Goldberg’s last solo appearance with the Berlin Philharmonic, on February 6, 1933, had been a performance of none other than the Beethoven Violin Concerto.
Having made his successful escape, Goldberg began touring the safer parts of Europe with the pianist Lili Kraus, as well as Asia and the United States (including a Carnegie Hall debut in 1938). Eventually, however, the war caught up with him. In 1943, he and Kraus were performing in Java, when the Japanese arrived in Dutch East India as occupiers. As Goldberg later remembered:
At first this occupation had no anti-Semitic consequences. Only after the Japanese authorities had been enlightened about National Socialist racial persecution by their German comrades—a special delegation had been sent from Germany to Dutch India for the purpose—did they begin racial persecution in Dutch India. This led to a large-scale raid against Jews and Freemasons in Bandung. My wife and I were arrested during this raid, and I remained interned until I was freed on September 6, 1944.
Kraus and her husband were also interned, split up in camps, as Goldberg had been from his wife. Now the violinist, having been forced to leave his beloved Stradivarius behind, was subjected to hard labor, though the Dutch prisoners he befriended went a long way toward protecting him. Even his Japanese captors, upon learning who Goldberg was, allowed him a certain amount of freedom, letting him play a violin that had been smuggled into one of the camps. At Camp Tjimahi, Goldberg even managed to put together an orchestra, making do with 14 violins, a flute, a harmonium, and a broken piano. He played Bach for his fellow internees, but at some point, the violin was taken from him, he was moved to another camp, and the music came to an end. As one of the Dutch prisoners recalled, “When the conditions in the camp worsened, and we were no longer allowed music, I still clearly remember [Goldberg] walking with a little stick in his hand practicing, moving his fingers and wrist beautifully during forced labor.” Only after the violinist’s release did he learn the fate of his Strad. When the Goldbergs were taken from the Jakarta house they’d been renting, a local woman managed to take the instrument and pass it on to an amateur violinist of her acquaintance. He then handed it over to a Swiss family, which, coming to learn the story behind it, returned the instrument to its rightful owner upon his liberation.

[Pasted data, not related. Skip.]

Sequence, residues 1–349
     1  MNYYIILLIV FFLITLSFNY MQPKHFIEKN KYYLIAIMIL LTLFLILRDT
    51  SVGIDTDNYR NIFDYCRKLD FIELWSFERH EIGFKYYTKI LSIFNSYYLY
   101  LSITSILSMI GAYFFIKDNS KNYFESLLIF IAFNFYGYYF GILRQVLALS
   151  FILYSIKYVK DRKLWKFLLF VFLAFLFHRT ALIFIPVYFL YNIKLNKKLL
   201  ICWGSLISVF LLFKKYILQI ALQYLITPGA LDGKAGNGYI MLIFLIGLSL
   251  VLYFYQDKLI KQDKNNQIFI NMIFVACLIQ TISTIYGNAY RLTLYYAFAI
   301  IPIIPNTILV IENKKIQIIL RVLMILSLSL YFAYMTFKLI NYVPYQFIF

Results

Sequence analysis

Goldberg spent a year in Australia, then resumed his career after the end of the war, settling in the United States as a naturalized citizen. In addition to his solo work, he became an eminent conductor, founding the Netherlands Chamber Orchestra in 1955 at the behest of the Dutch government. In the 1970s, he recorded Franz Schubert’s Sonatas for Violin and Piano with Radu Lupu, but despite the charms and felicities of the interpretations (and the eloquence of Lupu’s piano playing), these performances, readily available today, do not capture Goldberg in his burnished prime. For that, one must go back to the masterly recordings of Beethoven and Mozart that he made with Kraus a few decades before, or to his readings of Brahms’s three sonatas with Artur Balsam. Those Brahms performances are at once dramatic and refined, stylish, full of finesse, revealing so many exquisite shades and colors. Listen to them, and hear a violinist rendering the softest passages with great tenderness, then projecting the loudest, most forceful utterances without the slightest stress or strain in his sound. Indeed, Goldberg had one of the sweetest, warmest tones of any violinist I’ve ever heard.
Whatever resentments may have lingered with him from his time in the camps did not seem to prejudice him in one sense. After his first wife died, Goldberg married a Japanese woman and eventually moved to Japan. He died in 1993 in the coastal city of Toyama. As for Germany, he never played there again, though not for a lack of trying. Not only did the board of the Berlin Philharmonic deny his request to be reinstated as concertmaster, it refused him a pension, too. For years, Goldberg fought for back pay; only in 1970 did he finally receive a settlement. By that time, he was conducting in the Netherlands, where one of his guest artists was Lili Kraus. She and her husband had remained imprisoned in their internment camps many months after the Goldbergs’ release. The two old colleagues did not, Goldberg said, discuss those dark days in Southeast Asia. Collaborating now as pianist and conductor, they dwelt only on the present.